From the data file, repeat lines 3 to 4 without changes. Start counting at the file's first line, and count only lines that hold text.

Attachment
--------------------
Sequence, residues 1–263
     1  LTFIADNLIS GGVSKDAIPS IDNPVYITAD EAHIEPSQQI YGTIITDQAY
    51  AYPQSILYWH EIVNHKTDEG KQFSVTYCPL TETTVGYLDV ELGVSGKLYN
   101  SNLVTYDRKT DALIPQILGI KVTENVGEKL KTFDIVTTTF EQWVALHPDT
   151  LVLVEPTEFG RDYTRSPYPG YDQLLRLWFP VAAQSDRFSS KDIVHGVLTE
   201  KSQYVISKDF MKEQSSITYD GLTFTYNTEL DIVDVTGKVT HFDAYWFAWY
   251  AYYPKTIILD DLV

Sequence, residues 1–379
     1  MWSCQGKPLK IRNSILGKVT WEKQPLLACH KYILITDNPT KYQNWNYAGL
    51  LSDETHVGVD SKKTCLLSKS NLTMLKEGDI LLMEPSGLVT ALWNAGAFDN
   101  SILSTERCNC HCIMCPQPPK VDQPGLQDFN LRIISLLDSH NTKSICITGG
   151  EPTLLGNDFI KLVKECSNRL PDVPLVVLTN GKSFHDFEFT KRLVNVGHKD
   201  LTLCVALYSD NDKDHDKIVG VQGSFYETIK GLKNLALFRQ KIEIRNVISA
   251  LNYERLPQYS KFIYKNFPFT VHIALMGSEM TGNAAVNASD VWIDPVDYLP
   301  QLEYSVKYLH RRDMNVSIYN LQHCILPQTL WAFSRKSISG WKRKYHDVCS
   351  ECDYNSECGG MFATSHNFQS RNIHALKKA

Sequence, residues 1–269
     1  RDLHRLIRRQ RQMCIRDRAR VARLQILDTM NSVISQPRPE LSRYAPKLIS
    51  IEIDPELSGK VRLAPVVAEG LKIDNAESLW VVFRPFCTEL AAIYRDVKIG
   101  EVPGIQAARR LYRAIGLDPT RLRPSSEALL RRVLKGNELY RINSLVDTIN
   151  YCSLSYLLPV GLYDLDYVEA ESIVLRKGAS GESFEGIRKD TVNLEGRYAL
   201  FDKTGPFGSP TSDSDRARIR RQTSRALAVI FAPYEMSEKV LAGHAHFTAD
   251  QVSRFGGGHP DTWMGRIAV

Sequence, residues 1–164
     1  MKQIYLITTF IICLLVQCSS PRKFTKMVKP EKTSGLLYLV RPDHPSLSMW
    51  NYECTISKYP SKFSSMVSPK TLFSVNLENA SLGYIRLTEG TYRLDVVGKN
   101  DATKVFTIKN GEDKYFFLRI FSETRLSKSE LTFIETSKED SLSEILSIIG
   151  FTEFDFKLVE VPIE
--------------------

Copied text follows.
    51  AYPQSILYWH EIVNHKTDEG KQFSVTYCPL TETTVGYLDV ELGVSGKLYN
   101  SNLVTYDRKT DALIPQILGI KVTENVGEKL KTFDIVTTTF EQWVALHPDT